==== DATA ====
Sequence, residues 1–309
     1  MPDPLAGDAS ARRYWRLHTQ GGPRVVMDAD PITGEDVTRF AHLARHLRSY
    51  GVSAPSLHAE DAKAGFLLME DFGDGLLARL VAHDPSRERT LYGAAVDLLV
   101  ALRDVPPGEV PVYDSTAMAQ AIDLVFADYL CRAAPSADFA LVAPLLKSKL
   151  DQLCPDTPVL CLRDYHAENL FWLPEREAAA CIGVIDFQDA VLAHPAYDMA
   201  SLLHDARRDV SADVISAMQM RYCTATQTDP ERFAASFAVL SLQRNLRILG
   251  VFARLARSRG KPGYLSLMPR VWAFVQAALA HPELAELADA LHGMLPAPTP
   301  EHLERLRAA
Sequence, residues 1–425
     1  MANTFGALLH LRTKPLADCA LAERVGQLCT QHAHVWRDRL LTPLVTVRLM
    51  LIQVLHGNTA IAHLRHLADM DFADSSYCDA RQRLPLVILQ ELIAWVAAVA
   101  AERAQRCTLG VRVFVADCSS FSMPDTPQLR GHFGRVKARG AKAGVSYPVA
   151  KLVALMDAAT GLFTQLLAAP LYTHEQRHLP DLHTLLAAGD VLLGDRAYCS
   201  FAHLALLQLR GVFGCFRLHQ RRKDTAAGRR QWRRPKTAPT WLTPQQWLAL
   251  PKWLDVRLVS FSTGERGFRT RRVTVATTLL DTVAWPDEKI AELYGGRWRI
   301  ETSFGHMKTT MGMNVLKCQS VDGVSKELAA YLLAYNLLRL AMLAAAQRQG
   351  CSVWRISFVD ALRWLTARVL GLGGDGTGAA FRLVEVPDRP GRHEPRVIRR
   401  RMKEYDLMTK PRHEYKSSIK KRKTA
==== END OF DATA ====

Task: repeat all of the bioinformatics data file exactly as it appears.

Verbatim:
Sequence, residues 1–309
     1  MPDPLAGDAS ARRYWRLHTQ GGPRVVMDAD PITGEDVTRF AHLARHLRSY
    51  GVSAPSLHAE DAKAGFLLME DFGDGLLARL VAHDPSRERT LYGAAVDLLV
   101  ALRDVPPGEV PVYDSTAMAQ AIDLVFADYL CRAAPSADFA LVAPLLKSKL
   151  DQLCPDTPVL CLRDYHAENL FWLPEREAAA CIGVIDFQDA VLAHPAYDMA
   201  SLLHDARRDV SADVISAMQM RYCTATQTDP ERFAASFAVL SLQRNLRILG
   251  VFARLARSRG KPGYLSLMPR VWAFVQAALA HPELAELADA LHGMLPAPTP
   301  EHLERLRAA
Sequence, residues 1–425
     1  MANTFGALLH LRTKPLADCA LAERVGQLCT QHAHVWRDRL LTPLVTVRLM
    51  LIQVLHGNTA IAHLRHLADM DFADSSYCDA RQRLPLVILQ ELIAWVAAVA
   101  AERAQRCTLG VRVFVADCSS FSMPDTPQLR GHFGRVKARG AKAGVSYPVA
   151  KLVALMDAAT GLFTQLLAAP LYTHEQRHLP DLHTLLAAGD VLLGDRAYCS
   201  FAHLALLQLR GVFGCFRLHQ RRKDTAAGRR QWRRPKTAPT WLTPQQWLAL
   251  PKWLDVRLVS FSTGERGFRT RRVTVATTLL DTVAWPDEKI AELYGGRWRI
   301  ETSFGHMKTT MGMNVLKCQS VDGVSKELAA YLLAYNLLRL AMLAAAQRQG
   351  CSVWRISFVD ALRWLTARVL GLGGDGTGAA FRLVEVPDRP GRHEPRVIRR
   401  RMKEYDLMTK PRHEYKSSIK KRKTA